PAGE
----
In June, Lieberman and Bliese traveled to Kenya to test a new paper card which can detect substandard antibiotics. While Lieberman is currently focusing her work on the developing world, she says her cards could be applicable worldwide to perform, for example, the analysis of herbal medicines and nutritional supplements. "Sometimes those 'herbal products' are actually spiked with pharmaceuticals," she explains. "The paper test cards could be a defense against this." Bliese says her next project will be to develop a paper test card to help first responders identify drugs of abuse and differentiate them from household products or legitimate medicines.

A press conference on this topic will be held Monday, Aug. 22, at 9 a.m. Eastern time in the Pennsylvania Convention Center. Reporters may check in at Room 307 in person, or watch live on YouTube http://bit.ly/ACSlivephiladelphia. To ask questions online, sign in with a Google account.
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Lieberman acknowledges funding from the US-AID Development Innovation Ventures program, the Bill & Melinda Gates Foundation and the Indiana Clinical and Translational Sciences Institute. Bliese acknowledges funding from the National Science Foundation REU program.

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Title

Determining quality of antibiotics using paper analytical devices, high performance liquid chromatography, and portable X-ray fluorescence

Abstract

The quality of antibiotics in the developing world is a growing concern, because poor-quality medicine can cause treatment failure, adverse drug effects, increased drug resistance, and reduce the confidence of consumers in the health care system of the society. Good quality medicines must meet pharmacopeia standards that describe the content and bioavailability of their active pharmaceutical ingredients (APIs). Medicines can fail to meet these standards for reasons including deliberate falsification, careless manufacturing, and degradation during storage. Lack of regulatory and technical capacity allows sub-standard pharmaceuticals to penetrate supply chains and reach patients. In unregulated markets inactive products have been repeatedly identified, and in some instances falsified products have caused clinical problems including renal failure, hepatitis, aconite poisoning, or intoxication with arsenic and mercury.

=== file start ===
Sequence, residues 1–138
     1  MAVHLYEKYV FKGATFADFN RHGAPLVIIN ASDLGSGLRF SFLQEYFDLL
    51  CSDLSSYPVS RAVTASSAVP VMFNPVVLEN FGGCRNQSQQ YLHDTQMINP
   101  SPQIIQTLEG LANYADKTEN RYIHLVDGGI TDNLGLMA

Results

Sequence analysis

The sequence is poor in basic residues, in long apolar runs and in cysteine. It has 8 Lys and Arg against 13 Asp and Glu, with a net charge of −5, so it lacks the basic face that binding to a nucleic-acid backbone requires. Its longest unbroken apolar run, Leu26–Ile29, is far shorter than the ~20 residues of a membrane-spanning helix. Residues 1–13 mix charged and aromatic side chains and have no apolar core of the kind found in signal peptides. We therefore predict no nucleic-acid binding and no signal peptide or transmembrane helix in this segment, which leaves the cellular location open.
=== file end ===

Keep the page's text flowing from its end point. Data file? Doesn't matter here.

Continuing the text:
Ceftriaxone is an injectable antibiotic used to treat life-threatening infections and ciprofloxacin is a wide spectrum fluoroquinolone antibiotic. Both are listed by the World Health Organization (WHO) as essential medicines. We developed a way to detect falsified or degraded ceftriaxone using a paper analytical device (PAD). These paper devices contain 12 lanes, separated by hydrophobic wax barriers, with different reagents deposited on the lanes to detect APIs, degradation products, and fillers that might be used to adulterate falsified products.

Validation of the USP method for the analysis of ceftriaxone sodium, ceftriaxone injectable samples, ciprofloxacin hydrochloride, and ciprofloxacin extended-release samples was completed using High Performance Liquid Chromatography (HPLC). Samples of ceftriaxone were heated to simulate poor storage conditions and the rates of formation of different degradation products were tracked; the products were identified by Liquid Chromatography-Mass Spectrometry (LC-MS). Four degradation products were identified throughout the study; the retention times of these products were similar to those of acid hydrolysis products reported in the literature. In parallel with this high-tech instrumentation study, PADs were used to track the colorimetric responses during degradation. A set of ciprofloxacin samples collected by covert shoppers in Kenya were analyzed using HPLC for API concentration and portable X-ray fluorescence (pXRF) for the detection of heavy metals as a qualitative study.

American Chemical Society